In an era where regulators are enabled to become more emboldened, the Securities and Exchange Commission (SEC) has become the next Ministry of Truth and is attempting to assert its power over non-public companies which are currently unregulated.
This draconian measure should be feared by all those who value a free market and want to pay less than $5 for a dozen eggs in the future. I mention eggs because based on the response of farmers to the SEC proposal there is an existential threat to them as an ongoing concern.
In an Orwellian move that would even make Huxley grimace, the once benign SEC wants to reign supreme over not only publically traded companies but any and all companies that do business with them. The subject is mundane and esoteric to most but has the potential to increase prices on many commodities that you buy and put many hard-working small businesses out of business.
Family-owned egg farms could be disqualified from doing business with larger companies, and the rule could thus “push small and medium-sized farmers out of business,” the National Association of Egg Farmers said in its letter to the SEC.
To understand the overreach into private companies via the SEC we need to look at the genesis of the issue, which is something called Scope 3 emissions. Greenhouse gas emissions are categorized into three groups or ‘Scopes’ by the most widely used international accounting tool, the Greenhouse Gas (GHG) Protocol. Scope 1 covers direct emissions from owned or controlled sources. Scope 2 covers indirect emissions from the generation of purchased electricity, steam, heating, and cooling consumed by the reporting company. Scope 3 includes all other indirect emissions that occur in a company’s value chain.
Basically, any company that does business with a public company will have to provide climate data to that company, which will then provide it to the SEC.
According to Kimberly Henderson, SEC compliance analyst, “The rule would also require Scope 3 disclosures if they are material or if the filer has a target. Scope 3 are upstream and downstream emissions along the company’s entire value chain. The emissions reporting would need to be in absolute terms and in terms of intensity, both per unit of revenue, that is, greenhouse gases per dollar in sales and per unit of product, such as emissions per car manufactured.”
If you wanted to put a stranglehold on small businesses you couldn’t ask for a better regulation. As one would hope, there are those who are suspect of climate risk and are questioning the SEC’s proposed mandate. According to the National Federation of Independent Business, “Small and independent businesses cannot afford the experts, accountants, and lawyers needed to comply with complex government reporting regimes.”
In what is usually a lethargic commenting process, the SEC however received over 3,400 letters on its rule from businesses, trade associations, politicians, churches, and citizens in general. This is significant because the SEC will usually consider such feedback when deliberating on its decision.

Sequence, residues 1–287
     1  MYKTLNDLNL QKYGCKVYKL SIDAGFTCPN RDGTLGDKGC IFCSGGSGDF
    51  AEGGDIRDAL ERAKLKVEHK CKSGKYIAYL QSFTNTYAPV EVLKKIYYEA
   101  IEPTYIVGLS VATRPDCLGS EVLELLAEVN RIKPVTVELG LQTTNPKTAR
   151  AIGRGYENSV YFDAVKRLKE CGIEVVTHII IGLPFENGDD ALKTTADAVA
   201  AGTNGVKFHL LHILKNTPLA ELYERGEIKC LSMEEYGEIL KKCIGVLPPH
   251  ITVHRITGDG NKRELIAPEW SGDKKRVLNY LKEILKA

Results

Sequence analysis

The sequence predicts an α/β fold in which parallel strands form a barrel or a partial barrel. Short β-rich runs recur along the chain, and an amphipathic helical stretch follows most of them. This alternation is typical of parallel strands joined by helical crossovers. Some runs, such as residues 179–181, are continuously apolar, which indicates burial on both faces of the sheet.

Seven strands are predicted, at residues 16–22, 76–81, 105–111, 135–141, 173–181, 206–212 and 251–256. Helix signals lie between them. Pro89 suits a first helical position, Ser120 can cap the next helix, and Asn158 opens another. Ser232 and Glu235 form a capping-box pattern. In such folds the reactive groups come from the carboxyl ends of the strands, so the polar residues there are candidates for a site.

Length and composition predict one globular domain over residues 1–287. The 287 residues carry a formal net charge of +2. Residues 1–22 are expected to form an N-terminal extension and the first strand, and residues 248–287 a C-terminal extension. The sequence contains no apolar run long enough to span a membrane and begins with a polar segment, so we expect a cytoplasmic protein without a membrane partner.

In practical application, what can one expect to happen if the proposed rule is mandated? Probably the opposite of what you would expect. Large publically traded restaurant chains could end up ditching local farmers and small suppliers in favor of other larger companies who have the resources to comply with the new heavy regulation.
So you go from farm to table to the warehouse to table. While you might be thinking that local gas station owners are becoming richer each day as oil and gas prices rise, they are not.
In fact, the SEC proposal could significantly hinder their operations going forward. They are essentially convenience stores that operate on low margins that happen to sell gas. Like the restaurant industry, compliance would be costly and difficult.
This is not the first time the SEC has attempted a power grab, and most assuredly will not be its last. An unbelievable rule mandated by the 2010 Dodd-Frank Act and overseen by the SEC declared that home manufacturers, who have on average under 5 employees, state that their minerals are “conflict-free,” meaning that at the time they were not tied to the civil war underway in the Congo. No my friends, I am not making that up.
To give you a “for instance” of the nuance and vagueness of the proposal, a Gibson Dunn analysis suggests that in many cases a company action of non-measurable consequence can trigger a disclosure requirement under the rule. Detailed disclosures would be required if a company “uses” a scenario analysis, “maintains” an internal carbon price, “has set” any climate-related target or goal, or “has adopted” a transition plan.
Good luck with keeping up with that. It’s no wonder the SEC expects costs of compliance to increase by over half a million dollars for these publicly traded companies. In a fitting response to the proposal, the National Federation of Independent Business pleaded for regulatory restraint and simply stated, “Please keep small and independent businesses in your mind and out of your grasp.”
Let’s hope the SEC took the time to read the comment.